By this point, though, The Six already have a new frontman. After shopping all the dire lead singers in Los Angeles, the remaining members of the group vote Eddie into the spotlight. He was probably the best option all along, but the rivalry between him and Billy has been so heavy-handed so far that it feels contrived. From the second Eddie takes the mic, it’s clear that Billy is going to wrest it back. Even when Eddie is keeping his childhood friend Camila company, he’s oddly positioned as a romantic rival. On Daisy Jones & the Six, it seems all the world’s a love triangle. Already we have Eddie-Camila-Billy, and now there’s a peculiar one emerging between Graham, Karen, and music. He’s falling for her, and she likes him, but she loves this rock ’n’ roll life she’s making for herself best of all.
Despite Eddie’s initial protestations, the band listens to Billy’s new track, and the Six, who had so recently become a foursome, become six again. Teddy agrees the song — called “Honeycomb” — is good, but Billy’s not the fresh-faced kid in town anymore. Before he had no friends; now he has enemies. Still, Billy also has something of a father now. When the label tells Teddy that Billy’s song isn’t worth the risk, Teddy books a studio on his own dime. He even recruits Daisy to work on the lyrics to help give it the edge that the label is looking for. A lot of bands sound like the Six now, Teddy warns.
Even more than 20 years later, Daisy and Billy can’t describe what it was like to meet each other. The memory of the recording session, fraught as we find out it was, just makes them smile. In the flashback, Daisy is almost a cartoon — skittish, inexplicably trouser-less. She asks a studio tech for a glass of milk and a whiskey; she asks for someone to turn the lights down; she asks the band, who have invited her to sing on their song, not to watch.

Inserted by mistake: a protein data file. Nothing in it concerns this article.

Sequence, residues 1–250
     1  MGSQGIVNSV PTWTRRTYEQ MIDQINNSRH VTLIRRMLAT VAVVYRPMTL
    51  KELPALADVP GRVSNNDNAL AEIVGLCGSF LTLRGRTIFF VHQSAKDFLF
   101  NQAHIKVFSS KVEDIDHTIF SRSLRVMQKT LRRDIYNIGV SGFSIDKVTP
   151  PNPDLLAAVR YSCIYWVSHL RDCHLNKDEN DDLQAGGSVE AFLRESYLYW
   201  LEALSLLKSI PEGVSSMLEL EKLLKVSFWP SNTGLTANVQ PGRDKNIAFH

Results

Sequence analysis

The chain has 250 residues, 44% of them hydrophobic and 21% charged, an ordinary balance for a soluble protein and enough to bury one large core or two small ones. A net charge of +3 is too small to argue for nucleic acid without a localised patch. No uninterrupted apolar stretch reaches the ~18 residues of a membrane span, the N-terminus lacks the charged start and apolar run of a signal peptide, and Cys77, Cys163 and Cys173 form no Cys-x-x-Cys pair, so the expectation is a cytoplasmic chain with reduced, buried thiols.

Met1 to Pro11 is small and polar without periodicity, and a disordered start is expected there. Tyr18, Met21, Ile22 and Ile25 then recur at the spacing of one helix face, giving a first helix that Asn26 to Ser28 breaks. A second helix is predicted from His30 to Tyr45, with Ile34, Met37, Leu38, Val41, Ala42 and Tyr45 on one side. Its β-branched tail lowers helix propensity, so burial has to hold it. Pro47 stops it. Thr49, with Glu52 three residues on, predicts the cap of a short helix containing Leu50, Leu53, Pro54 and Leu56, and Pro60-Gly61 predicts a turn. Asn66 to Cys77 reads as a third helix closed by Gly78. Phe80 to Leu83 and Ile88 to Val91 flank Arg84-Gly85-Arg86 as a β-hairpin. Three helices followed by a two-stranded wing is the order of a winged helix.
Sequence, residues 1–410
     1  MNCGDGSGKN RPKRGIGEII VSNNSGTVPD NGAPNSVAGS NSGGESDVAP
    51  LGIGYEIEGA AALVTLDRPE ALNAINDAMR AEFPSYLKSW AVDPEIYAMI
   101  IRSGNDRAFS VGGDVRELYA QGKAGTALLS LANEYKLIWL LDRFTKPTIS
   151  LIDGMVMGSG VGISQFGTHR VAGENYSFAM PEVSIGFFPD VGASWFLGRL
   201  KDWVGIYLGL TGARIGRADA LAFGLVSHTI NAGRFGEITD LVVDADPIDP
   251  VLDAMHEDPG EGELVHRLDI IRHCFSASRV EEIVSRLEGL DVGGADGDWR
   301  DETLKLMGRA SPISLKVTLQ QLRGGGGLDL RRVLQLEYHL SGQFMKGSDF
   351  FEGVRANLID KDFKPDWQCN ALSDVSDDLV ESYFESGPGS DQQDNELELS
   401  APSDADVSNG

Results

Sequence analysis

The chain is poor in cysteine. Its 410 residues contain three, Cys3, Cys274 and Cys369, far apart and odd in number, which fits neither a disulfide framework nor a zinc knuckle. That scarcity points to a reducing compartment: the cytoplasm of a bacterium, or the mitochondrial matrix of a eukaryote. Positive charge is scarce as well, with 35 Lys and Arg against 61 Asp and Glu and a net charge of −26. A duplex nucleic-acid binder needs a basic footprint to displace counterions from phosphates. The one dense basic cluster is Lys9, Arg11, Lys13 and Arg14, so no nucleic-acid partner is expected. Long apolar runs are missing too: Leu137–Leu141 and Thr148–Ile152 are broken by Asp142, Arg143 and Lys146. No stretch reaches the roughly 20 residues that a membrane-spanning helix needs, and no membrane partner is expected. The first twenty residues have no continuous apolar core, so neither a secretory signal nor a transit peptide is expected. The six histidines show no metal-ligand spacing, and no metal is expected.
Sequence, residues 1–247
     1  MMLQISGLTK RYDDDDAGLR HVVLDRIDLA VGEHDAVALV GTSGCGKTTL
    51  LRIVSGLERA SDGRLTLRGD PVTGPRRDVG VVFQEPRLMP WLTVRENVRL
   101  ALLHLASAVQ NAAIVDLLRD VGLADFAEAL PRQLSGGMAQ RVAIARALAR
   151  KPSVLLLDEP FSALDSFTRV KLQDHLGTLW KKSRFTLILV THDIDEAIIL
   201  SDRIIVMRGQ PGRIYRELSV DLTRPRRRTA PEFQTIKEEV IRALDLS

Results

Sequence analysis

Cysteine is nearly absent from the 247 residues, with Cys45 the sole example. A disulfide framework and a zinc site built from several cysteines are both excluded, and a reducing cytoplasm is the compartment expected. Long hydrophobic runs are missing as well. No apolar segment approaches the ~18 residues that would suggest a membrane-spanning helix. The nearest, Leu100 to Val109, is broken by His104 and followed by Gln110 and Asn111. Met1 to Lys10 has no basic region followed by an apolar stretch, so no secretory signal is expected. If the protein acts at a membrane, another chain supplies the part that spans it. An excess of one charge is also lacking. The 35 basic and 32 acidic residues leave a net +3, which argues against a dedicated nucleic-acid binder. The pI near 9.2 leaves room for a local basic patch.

Billy is furious at the idea of her but agrees to try the song as a duet for Teddy’s sake. Meanwhile, Teddy just sits back and laughs while he waits for the depths of his subterfuge to reveal themselves. Daisy’s not here to sing Billy’s song; she’s here to sing the version of Billy’s song that she’s written. And Daisy’s version isn’t a love song to Camila anymore; it’s not the clarion promise of a better life with a better man. In Daisy’s hands, the song takes on the shadow of a doubt. The promise doesn’t feel absolute; it’s more complicated, more true to what Daisy knows of love:
How did we get here?
How do we get out?
We used to be something to see
But, baby, look at us now
Baby, look at us now
This thing we been doin’
Ain’t working out
Why can’t you just admit it to me?
Oh baby, look at us now
Oh, baby, look at us now
But to write love songs for Camila is how Billy has begun to square the problem of how to be a husband, a musician, and sober at the same time. He’s hanging on by a thread, and now he’s singing songs about the collapse of love — “we can make a good thing bad” — with a woman he barely knows. No fucking way. In the end, though, he does it for Teddy. Teddy reminds Billy that he loves him, and Billy needs Teddy’s love more than he needs to win this fight. They never even try the song his way, Billy remembers with a smile.
And how could they bother? For his final act of deception, Teddy tells Billy and Daisy there’s a technical problem, and they’ll need to sing into the same mic. They’ll need to stand closer. They won’t be able to avoid each other’s eyes. Their dynamic is intriguing: Daisy, in all her unchecked arrogance, immediately enrages Billy, but Billy seems to calm her down enough that she can stop rattling on about the milk and the lights and explain herself to fight for the song that she hears in her head.
When she gets home, Daisy tells Simone that the making of “Honeycomb” was the best day of her life. Billy reports to Camila that the experience was a nightmare, but it’s hard to say if he’s lying to her or also himself. He can’t stand Daisy Jones, but once she leaves, it’s her voice he punches above all the others on the mixing board.